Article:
Delays in a diagnosis of sepsis in patients at a GP surgery or Hospital can be the difference between life and death.  Sadly however, about 50,000 people die from sepsis each year in the UK.

Regrettably many patients with sepsis have been failed by the NHS and have died due to errors in detection that has lead to deaths that could have been avoided.  Families who have suffered bereavement due to late or misdiagnosed sepsis detected can claim compensation, see our specialist webpage on late sepsis diagnosis compensation claims

Ground Breaking Early Detection of Sepsis

However hopefully these tragic statistics of misdiagnoses of sepsis will be reduced in the years to come following the NHS’s groundbreaking testing system, pivotal in the rapid diagnosis of sepsis, and other infections set to transform patient care in critical settings. This technological advancement, initially trialled at St Thomas’ Hospital in London, significantly reduces the time required to diagnose infections, a crucial factor in sepsis treatment where every hour counts.

For a patient with sepsis, every hour on the wrong treatment increases the chance of dying by 2 per cent, and current investigations can take days. However the new innovative technology scrutinises a sample’s genetic material by observing fluctuations in an electrical current as it moves through minuscule openings.

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Sophisticated algorithms then interpret these changes to pinpoint a comprehensive range of pathogens and microbes present in the sample.This approach merges biological understanding with data analysis, accelerating diagnosis to mere hours, a critical factor in saving lives. This groundbreaking technology to NHS patients will change early detection from days to a matter of hours to detect infections such as sepsis.

A three-year pilot study conducted by the trust in collaboration with Oxford Nanopore Technologies

The expanded application of this technology is expected to yield economic benefits, such as reducing hospital stays, helping to discern which patients requires isolation and which could safely return home.

In that study it confirms ‘Metagenomic’ sequencing of the respiratory samples also revealed a hidden burden of infections in routinely admitted, seriously unwell sepsis patients, undetected by traditional microbiology, which can fundamentally improve management of patients with prolonged intensive care unit stays. Each year, sepsis claims around 50,000 lives and costs the NHS in England about £2 billion.’

Guy’s and St Thomas’ NHS Foundation Trust has been involved in a pioneering pilot for rapid genetic testing. It is said that  the technology enables comprehensive genetic analysis, identifying sepsis early and all bacterial, viral, and fungal micro-organisms that might be causing an infection. This leads to faster, more accurate treatments for patients.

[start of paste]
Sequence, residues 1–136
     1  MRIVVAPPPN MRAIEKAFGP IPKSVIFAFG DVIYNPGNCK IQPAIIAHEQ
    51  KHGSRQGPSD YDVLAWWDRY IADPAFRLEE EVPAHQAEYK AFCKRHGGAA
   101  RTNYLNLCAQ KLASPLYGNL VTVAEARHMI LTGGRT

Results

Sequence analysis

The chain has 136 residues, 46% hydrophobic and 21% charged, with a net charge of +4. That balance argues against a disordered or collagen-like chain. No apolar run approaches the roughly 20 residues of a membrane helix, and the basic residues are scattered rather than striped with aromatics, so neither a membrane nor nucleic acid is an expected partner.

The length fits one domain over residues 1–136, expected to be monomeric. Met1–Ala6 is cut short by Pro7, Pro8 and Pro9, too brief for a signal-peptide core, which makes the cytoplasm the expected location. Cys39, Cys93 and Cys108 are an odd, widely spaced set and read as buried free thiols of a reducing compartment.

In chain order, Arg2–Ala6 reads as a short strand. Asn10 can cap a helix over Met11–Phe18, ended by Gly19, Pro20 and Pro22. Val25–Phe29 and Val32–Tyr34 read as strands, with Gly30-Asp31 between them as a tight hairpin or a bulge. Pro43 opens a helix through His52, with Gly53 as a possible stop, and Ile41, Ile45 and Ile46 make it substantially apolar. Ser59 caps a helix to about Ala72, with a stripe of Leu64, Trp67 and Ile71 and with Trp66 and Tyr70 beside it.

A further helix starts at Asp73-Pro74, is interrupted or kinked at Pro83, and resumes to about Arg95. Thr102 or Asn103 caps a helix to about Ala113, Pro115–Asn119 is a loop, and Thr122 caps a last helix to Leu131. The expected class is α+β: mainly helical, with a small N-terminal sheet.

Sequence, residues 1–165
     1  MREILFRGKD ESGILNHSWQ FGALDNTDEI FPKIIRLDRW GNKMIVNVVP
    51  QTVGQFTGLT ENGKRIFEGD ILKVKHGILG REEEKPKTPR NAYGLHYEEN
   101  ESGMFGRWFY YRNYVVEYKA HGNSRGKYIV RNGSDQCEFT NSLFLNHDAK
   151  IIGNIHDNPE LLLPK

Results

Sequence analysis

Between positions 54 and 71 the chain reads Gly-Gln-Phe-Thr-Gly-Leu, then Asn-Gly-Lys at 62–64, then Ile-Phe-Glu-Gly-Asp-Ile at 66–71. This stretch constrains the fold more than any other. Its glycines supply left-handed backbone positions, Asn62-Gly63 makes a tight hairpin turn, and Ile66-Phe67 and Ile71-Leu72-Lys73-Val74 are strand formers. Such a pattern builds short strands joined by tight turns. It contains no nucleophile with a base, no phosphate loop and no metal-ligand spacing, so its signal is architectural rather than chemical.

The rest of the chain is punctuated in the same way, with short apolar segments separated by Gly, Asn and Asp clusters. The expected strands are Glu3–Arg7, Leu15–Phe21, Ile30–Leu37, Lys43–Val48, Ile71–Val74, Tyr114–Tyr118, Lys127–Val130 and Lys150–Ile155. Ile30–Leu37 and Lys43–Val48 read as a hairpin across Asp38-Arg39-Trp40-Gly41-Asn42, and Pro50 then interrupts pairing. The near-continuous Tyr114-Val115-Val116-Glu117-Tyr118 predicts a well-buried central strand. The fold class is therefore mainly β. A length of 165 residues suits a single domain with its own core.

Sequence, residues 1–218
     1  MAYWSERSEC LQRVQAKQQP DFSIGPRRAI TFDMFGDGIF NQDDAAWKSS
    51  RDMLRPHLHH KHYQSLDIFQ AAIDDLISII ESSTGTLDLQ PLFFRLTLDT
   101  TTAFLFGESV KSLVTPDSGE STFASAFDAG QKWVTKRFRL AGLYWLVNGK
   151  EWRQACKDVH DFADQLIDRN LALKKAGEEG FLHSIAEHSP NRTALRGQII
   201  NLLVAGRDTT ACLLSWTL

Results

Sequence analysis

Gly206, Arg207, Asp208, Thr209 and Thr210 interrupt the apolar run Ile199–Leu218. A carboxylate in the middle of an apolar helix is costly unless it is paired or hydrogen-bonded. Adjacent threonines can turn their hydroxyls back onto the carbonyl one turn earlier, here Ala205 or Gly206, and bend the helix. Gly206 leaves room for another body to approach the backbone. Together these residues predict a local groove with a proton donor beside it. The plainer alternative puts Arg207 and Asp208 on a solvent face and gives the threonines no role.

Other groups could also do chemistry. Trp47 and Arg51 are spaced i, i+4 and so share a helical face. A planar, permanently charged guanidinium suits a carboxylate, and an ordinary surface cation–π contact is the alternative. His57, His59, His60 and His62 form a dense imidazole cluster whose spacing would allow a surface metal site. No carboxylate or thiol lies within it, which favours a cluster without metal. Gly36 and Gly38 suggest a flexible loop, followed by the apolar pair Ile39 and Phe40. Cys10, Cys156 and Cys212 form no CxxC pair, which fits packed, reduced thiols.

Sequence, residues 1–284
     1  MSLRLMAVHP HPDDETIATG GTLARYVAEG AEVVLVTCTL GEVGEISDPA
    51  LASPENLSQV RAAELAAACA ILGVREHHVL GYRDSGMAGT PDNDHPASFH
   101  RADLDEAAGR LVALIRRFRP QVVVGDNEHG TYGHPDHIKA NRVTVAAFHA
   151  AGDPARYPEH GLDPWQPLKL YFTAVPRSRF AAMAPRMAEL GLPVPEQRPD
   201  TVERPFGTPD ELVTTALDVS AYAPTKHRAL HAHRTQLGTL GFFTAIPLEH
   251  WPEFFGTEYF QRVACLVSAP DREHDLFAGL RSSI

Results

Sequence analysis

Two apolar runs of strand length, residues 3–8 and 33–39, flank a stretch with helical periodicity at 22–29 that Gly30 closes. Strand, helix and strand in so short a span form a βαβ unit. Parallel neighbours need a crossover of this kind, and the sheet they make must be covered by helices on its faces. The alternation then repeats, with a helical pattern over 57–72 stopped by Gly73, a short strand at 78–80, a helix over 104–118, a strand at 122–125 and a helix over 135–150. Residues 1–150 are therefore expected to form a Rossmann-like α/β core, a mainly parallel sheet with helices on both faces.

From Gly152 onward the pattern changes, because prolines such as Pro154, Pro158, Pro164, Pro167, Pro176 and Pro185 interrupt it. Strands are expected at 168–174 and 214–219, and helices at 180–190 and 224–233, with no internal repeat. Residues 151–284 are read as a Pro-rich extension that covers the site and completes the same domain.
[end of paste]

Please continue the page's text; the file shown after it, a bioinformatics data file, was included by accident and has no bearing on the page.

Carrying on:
The initial pilot at St Thomas’ Hospital demonstrated that the rapid genetic testing could improve treatment for almost half of the patients involved. This was a significant improvement compared to traditional methods, which could take around three days to yield results. With this new technology, results can be obtained in as little as 7 hours, allowing patients to receive appropriate medication and treatment on the same day.

The emphasis on rapid and accurate diagnosis is particularly vital for patients in intensive care, where timely treatment can significantly impact outcomes. The expansion of this technology is a step forward in transforming patient care at a genomic level, providing a more efficient and effective healthcare service.

For more detailed information, you can visit the Guy’s and St Thomas’ NHS Foundation Trust

Failure to diagnose sepsis and compensation

Whilst we wait for the new technology to take hold those families who have lost a loved one or anyone that has been affected by the late diagnosis of sepsis that has suffered injury can make a claim for compensation.

It is recorded that on average, every day about 240 people in the world will die of sepsis. In the United Kingdom almost a quarter of a million people are affected by sepsis with about 50,000 people dying every year of a sepsis-related conditions.   Not every case will result in a negligent claim against the Hospital or GP that failed to diagnose sepsis (or diagnosing in time) but there is an ever increasing understanding and awareness that is likely to lead to further queries by patients who have contracted sepsis leading to investigations by solicitors and their medical team to claim compensation.

Click below now to make a claim for late detection of sepsis.

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Compensation for delayed treatment at Betsi Cadwaladr Hospital

In a damming report and article concering delayed treatment of sepsis at Betsi Cadwaladr Hospital, in North Wales, it is reported that some patients has to wait for over 12 hours to be given vital treatment of antibiotics to fight sepis contracted by a patient.  Certainly any patient who has experienced delays when waiting to receive antibiotics at Betsi Cadwaladr Hospital for sepsis may be able to claim compensation for delayed treatment of sepsis from R James Hutcheon Solicitors.

Inspectors at the North Wales Hospital found significant delays in patients receiving care in the Emergency Department at Ysbyty Glan Clwyd, which is ran by Betsi Cadwaladr University Health Board.

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